I think AIDY Bryant is a gifted actress/comedian - I don't stay up to watch SNL anymore - but sometimes catch some of the highlighted skits on You Tube the next week.

None of our kids will be home - but we will be busy with socially distanced/masked services at 4 and 6 pm at our church. I will just go to one - but hubby will be at both as pastor ;)
Tomorrow afternoon we will drive to KC to my mom's - who has already had the virus.
I got the first of my two COVID vaccines this week as a health care provider- great early Christmas present!

Thanks waseeley and Roland!
Belated HBD to Misty!

Ray - O - Sunshine said...

FIR but much crunchier than yesterday. Holy Mackerel 🐟 Ain't no way I woulda found those backward fish. Don't you need feet to use a FISHLADDER?...(evolutionary adaptation?
But..today's theme is appropriate for those of us who celebrate Christmas Eve dinner with seafood only.

Unknown clues for FURHATS....so it's not the weight of the horses but weighted odds for a HANDICAP RACE another unknown. A driving RANGE is safe?

Any cruciverbists keeping count of Taylor Swift's Grammies? Anyone? (Unless you meant her parents' mothers.., that would be two πŸ‘΅πŸ‘΅..but wrong answer). Was thinking Enron but a letter shorter than LEHMAN and a couple years earlier.

Nair/NEET, taunted/TROTTED (can do both)

30 down may now hold the record for longest clue.. "Parting words" "Red Sea! Divide" again, too long.

So angry, he became an Irish citizen (so ired, he EIREd πŸ™„)

PENNE rigate, "striped feathers" ..not so appetizing now? Eh? (put enough vodka in the sauce and you won't care.)

Donkey earnings....ASSUAGE
No longer a crime...EXTORT (Waseeley's was first and funnier)
Where to find a maniac's satanic abode...IN A NUT'S HELL

Leave a note for Santa to wear a mask and put hand sanitizer (my autocorrect put Sangria!!) next to the cookie dish.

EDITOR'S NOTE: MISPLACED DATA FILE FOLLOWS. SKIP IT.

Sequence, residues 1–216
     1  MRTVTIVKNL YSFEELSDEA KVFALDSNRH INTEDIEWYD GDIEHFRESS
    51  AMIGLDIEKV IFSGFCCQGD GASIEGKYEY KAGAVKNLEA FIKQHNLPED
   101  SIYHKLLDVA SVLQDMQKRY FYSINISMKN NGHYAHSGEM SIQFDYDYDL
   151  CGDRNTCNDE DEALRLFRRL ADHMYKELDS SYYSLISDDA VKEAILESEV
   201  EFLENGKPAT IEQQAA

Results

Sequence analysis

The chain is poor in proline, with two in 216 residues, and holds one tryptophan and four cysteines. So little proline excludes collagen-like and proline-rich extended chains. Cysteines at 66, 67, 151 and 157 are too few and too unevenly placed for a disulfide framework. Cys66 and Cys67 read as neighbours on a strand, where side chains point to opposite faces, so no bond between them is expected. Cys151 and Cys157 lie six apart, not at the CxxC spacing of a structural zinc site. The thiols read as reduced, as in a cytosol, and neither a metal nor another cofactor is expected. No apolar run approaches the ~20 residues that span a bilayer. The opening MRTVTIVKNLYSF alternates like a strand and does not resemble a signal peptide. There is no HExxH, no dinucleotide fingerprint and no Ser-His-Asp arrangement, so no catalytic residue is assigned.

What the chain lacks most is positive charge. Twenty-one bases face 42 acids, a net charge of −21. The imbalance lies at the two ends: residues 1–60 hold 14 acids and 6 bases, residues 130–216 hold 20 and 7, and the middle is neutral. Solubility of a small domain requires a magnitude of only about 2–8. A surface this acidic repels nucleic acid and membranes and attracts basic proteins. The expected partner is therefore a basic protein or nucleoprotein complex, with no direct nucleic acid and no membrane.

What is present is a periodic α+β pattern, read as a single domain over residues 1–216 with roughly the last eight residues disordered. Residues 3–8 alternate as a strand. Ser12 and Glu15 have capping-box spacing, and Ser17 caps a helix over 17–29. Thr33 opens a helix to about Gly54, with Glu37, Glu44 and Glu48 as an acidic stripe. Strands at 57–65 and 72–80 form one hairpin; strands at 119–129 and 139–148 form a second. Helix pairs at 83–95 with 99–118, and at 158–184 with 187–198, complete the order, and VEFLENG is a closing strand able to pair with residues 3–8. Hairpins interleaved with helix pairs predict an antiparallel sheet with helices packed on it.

Ray - O - Sunshine said...

An extinction "Who's on first?"

"The MOA no longer exists."

"So it is no MOA"

"Yes it is a MOA"

"But you said it is no MOA!"

"It is a MOA but it is no MOA"


��

Shankers said...

Smooth sailing today. No real speed bumps. Missed the theme which is par for the course for moi. Unknowns Aidy a d furhat were easily gotten by perps. Only change was fat to sob at 4A. Going out with DW for Italian tonight then 11 a.m. Mass tomorrow morning. Have a super terrific Christmas everyone.

Oas said...

Wishing all on the corner a Merry Christmas, Happy Holidays, and a peaceful happy and prosperous New Year . Cheers

ATLGranny said...

FIR but didn't find it easy. Had a lot of wrong turns but perps saved the day. I did see the theme and found the fish climbing the ladders. Interesting fill, Roland. Thanks! And very entertaining and informative review, waseeley, as we expect from you now. Thanks for a perfect performance with nothing "pfishy" about it

At first I tried GOINg brOCK thinking the theme trick was changing spelling from broke to brock, but that eventually cleared up. And I had faREwell way too long. AU REVOIR, it turned out to be and so I say to you all now. Until tomorrow. Happy Holidays!

Lucina said...

Hola! And happy Christmas Eve!

RAH! The correct constructor was cited so all is well in the CWD world. I started this at 6 this morning and nearly finished but got tired and returned to bed. I could not recall ELSA or NEET, which I used for many years long, long ago. Now no hair grows on my legs or on any other part of my body anymnore. I know, TMI, sorry.